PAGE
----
Re: [RFC PATCH v1.9 00/14] livepatch: hybrid consistency model

From: Miroslav Benes
Date: Thu Mar 31 2016 - 08:54:34 EST


this is a great work. I'll have to review it properly (especially 13/14,
probably several times as it is a heavy stuff), but I've gathered some
notes so there they are.

On Fri, 25 Mar 2016, Josh Poimboeuf wrote:

> These patches are still a work in progress, but Jiri asked that I share
> them before I go on vacation next week. Based on origin/master because
> This has two consistency models: the immediate model (like in today's
> code) and the new kpatch/kgraft hybrid model.
> The default is the hybrid model: kgraft's per-task consistency and
> syscall barrier switching combined with kpatch's stack trace switching.
> There are also a number of fallback options which make it pretty
> flexible, yet the code is still quite simple.
> Patches are applied on a per-task basis, when the task is deemed safe to
> switch over. It uses a tiered approach to determine when a task is safe
> and can be switched.
> The first wave of attack is stack checking of sleeping tasks. If no
> affected functions are on the stack of a given task, the task is
> switched. In most cases this will patch most or all of the tasks on the
> first try. Otherwise it'll keep trying periodically. This option is
> only available if the architecture has reliable stacks

I think we could allow periodic checking even for
!CONFIG_RELIABLE_STACKTRACE situations. The problematic task could migrate
by itself after some time (meaning it woke up meanwhile and sleeps
somewhere else now, or it went through a syscall boundary). So we can
gain something, especially when combined with a fake signal approach. More
on that below and in my 13/14 mail.

> The next line of attack, if needed, is syscall/IRQ switching. A task is
> switched when it returns from a system call or a user space IRQ. This
> approach is less than ideal because it usually requires signaling tasks
> to get them to switch. It also doesn't work for kthreads. But it's
> still useful in some cases when user tasks get stuck sleeping on an
> affected function.
> For architectures which don't have reliable stacks, users have two
> options:
> a) use the hybrid fallback option of using only the syscall/IRQ
> switching (which is the default);
> b) or they can use the immediate model (which is the model we already
> have today) by setting the patch->immediate flag.
> There's also a func->immediate flag which allows users to specify that
> certain functions in the patch can be applied without per-task
> consistency. This might be useful if you want to patch a common
> function like schedule(), and the function change doesn't need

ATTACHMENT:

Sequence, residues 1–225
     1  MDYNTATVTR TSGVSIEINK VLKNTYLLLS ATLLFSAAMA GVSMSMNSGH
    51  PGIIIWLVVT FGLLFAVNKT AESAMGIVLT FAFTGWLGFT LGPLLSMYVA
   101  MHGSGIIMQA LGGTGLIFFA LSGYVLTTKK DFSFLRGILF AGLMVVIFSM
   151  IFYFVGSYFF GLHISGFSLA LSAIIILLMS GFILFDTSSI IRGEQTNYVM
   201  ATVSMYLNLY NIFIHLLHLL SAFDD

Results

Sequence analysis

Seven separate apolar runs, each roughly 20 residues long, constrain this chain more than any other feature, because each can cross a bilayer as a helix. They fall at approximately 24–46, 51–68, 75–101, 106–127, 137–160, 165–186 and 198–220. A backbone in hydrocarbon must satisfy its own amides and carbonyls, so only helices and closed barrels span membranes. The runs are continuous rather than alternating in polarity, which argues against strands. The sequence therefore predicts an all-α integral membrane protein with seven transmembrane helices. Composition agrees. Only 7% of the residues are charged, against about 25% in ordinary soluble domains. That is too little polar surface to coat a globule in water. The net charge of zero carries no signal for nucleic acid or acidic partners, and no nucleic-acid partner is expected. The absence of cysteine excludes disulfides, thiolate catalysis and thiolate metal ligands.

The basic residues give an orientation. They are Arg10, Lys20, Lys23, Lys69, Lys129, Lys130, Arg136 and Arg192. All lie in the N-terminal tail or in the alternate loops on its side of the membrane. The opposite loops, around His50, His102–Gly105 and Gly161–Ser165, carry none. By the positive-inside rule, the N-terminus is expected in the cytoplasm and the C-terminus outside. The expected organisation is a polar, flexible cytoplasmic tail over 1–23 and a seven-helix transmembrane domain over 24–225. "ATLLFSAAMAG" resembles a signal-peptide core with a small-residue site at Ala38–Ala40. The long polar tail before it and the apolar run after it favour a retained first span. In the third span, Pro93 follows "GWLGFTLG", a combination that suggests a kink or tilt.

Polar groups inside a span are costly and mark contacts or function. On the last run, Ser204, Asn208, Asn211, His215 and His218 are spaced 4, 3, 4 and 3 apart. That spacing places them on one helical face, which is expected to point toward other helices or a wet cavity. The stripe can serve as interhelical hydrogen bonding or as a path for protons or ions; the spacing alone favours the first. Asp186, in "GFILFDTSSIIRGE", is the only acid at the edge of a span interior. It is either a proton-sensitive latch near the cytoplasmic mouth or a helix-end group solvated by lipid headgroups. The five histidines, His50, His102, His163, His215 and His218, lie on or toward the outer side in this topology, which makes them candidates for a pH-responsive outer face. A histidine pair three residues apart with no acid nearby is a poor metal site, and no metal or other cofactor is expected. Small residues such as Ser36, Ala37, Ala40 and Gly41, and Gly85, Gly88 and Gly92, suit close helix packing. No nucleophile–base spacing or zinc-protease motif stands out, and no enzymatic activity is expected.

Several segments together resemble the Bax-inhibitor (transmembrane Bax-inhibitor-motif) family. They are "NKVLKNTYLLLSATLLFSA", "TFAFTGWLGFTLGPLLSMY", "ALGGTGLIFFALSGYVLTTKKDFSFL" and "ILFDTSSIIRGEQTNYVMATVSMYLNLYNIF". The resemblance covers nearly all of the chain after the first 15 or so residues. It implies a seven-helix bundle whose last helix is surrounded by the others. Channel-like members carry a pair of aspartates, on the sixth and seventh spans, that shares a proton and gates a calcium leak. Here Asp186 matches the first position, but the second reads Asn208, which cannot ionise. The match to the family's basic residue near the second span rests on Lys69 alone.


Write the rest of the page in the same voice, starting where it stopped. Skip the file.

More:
> consistency but the rest of the patch does.
> Still have a lot of TODOs, some of them are listed here. If you see
> something objectionable, it might be a good idea to make sure it's not
> already on the TODO list :-)
> - actually test it
> - don't use TIP_KLP_NEED_UPDATE in arch-independent code
> - figure out new API to keep the use of task_rq_lock() in the sched code

Hm, no idea how to do it so that everyone is satisfied. I still remember
Peter's protests.

> - cleaner way to detect preemption on the stack
> - allow patch modules to be removed. still needs more discussion and
> thought. maybe something like Miroslav's patch would be good:

Yup, that could be part of the patch set. The second option (to rework
klp_unregister_patch and move kobject_put out of mutex protected parts) is
maybe a way to go. The mutex_trylock approach works as well, but it is not
clean and nice enough I guess. However the patch is there :).

Anyway the module removal should be prohibited when one uses immmediate
flag set to true. Without consistency model we cannot say if it is safe to
remove the module. Some process could still be in its code.

> - come up with a better name than universe? KLP_STATE_PREV/NEXT?
> KLP_UNPATCHED/PATCHED? there were some objections to the name in v1.
> - update documentation for sysfs, proc, livepatch
> - need atomic accesses or READ_ONCE/WRITE_ONCE anywhere?
> - ability to force a patch to the goal universe

This could be made by a call to klp_update_task_universe for all tasks,
couldn't it? We have something similar in kgraft.

> - try ftrace handler switching idea from v1 cover letter
> - split up the patches better
> - cc all the right people

I'd add a fake signal facility for sleeping non-migrated tasks. This
would accelerate a migration to a new universe. We have it in kgraft for
quite some time and it worked out great. See which
went with Jiri's kgraft-on-klp patch set. See also Oleg's reply as it is
important (I changed kgraft implementation according to that).